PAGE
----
March 7, 2012

Choosing Appropriate Methods

Consider:

  • Does the study design enable the investigator to address the aims and hypotheses?
  • What might go wrong? What alternative strategies would you turn to if something went wrong?
  • What are the expected outcomes and why are they important?
  • How will you assess statistical significance?
  • How many subjects will you need? How did you derive that number?
  • What are the controls? Have you addressed potential sources of bias?

Basic science approach:

  1. Approach
  2. Overview of methods
  3. Essential reagents needed
  4. Critical equipment required
  5. Number of subjects/animals and how they were derived
  6. Statistical analysis
  7. Controls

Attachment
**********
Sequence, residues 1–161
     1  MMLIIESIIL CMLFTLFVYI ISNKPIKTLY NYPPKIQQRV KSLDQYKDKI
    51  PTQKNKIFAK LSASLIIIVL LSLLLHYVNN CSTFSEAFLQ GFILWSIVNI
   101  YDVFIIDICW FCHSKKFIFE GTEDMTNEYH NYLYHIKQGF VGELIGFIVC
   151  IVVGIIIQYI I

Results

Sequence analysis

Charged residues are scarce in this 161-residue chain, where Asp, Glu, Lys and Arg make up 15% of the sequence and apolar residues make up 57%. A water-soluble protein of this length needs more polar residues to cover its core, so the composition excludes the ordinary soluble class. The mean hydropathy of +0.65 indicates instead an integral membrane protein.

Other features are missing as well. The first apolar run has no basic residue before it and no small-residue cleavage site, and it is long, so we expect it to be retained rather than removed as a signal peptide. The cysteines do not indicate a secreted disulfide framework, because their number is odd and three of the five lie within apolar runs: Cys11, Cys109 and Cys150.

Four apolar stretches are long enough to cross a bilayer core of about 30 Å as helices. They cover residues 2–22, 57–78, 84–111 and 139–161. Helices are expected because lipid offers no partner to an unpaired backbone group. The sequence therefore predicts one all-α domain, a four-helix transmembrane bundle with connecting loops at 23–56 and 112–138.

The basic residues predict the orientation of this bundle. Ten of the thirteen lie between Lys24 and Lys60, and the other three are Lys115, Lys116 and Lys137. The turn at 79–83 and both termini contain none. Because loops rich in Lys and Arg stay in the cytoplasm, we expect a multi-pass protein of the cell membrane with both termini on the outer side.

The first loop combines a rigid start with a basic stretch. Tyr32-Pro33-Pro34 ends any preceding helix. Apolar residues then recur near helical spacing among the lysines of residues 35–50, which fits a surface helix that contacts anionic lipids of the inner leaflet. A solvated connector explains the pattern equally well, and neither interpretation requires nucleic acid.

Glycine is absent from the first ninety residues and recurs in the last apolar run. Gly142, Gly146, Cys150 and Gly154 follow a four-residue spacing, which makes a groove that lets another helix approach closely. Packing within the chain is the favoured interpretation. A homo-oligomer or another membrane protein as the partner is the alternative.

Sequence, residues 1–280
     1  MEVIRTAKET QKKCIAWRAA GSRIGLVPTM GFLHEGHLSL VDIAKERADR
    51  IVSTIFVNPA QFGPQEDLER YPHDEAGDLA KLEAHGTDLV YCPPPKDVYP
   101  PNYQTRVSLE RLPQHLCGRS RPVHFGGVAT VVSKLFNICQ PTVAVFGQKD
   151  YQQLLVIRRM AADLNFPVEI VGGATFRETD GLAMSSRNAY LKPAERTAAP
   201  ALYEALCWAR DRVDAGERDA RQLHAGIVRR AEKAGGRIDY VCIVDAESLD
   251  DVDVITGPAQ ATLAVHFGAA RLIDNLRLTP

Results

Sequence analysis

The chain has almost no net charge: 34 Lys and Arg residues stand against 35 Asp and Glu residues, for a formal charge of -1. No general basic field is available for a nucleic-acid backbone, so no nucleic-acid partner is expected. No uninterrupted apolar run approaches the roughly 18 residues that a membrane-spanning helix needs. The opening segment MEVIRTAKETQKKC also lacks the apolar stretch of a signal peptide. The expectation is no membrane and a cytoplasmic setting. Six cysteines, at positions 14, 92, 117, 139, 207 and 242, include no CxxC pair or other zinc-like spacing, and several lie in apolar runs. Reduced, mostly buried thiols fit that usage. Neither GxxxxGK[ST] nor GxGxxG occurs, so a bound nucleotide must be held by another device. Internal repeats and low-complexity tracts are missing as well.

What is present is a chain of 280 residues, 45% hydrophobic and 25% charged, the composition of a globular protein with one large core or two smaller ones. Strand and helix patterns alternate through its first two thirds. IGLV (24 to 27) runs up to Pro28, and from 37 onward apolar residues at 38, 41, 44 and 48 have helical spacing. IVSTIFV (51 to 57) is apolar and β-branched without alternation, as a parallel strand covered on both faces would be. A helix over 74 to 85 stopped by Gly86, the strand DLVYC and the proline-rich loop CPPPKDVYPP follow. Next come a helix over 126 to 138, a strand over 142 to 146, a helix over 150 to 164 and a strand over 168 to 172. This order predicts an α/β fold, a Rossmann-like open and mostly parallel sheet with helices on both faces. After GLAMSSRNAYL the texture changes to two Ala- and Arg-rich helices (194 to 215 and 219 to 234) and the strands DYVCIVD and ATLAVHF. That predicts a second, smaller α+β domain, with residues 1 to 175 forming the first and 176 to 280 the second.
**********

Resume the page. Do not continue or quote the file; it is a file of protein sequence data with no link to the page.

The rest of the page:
8. Replicates
  9. Detailed expectations
  10. How results will be interpreted
  11. Time required to complete
  12. Expected outcomes
  13. Potential problems and alternative strategies (if working hypothesis proves invalid)
  14. Timeline
  15. Future directions

 

Clinical science approach:

  1. Study design and protocol overview
  2. Study environment
  3. Participant recruitment
  4. Inclusion criteria
  5. Exclusion criteria
  6. Eligibility screening, enrollment, and randomization
  7. Description of intervention
  8. Interim monitoring
  9. Data collection schedule and procedures
  10. Data analysis plan
  11. Sample size consideration
  12. Missing data
  13. Data management
  14. Team communication and project management
  15. Timeline
  16. Limitations

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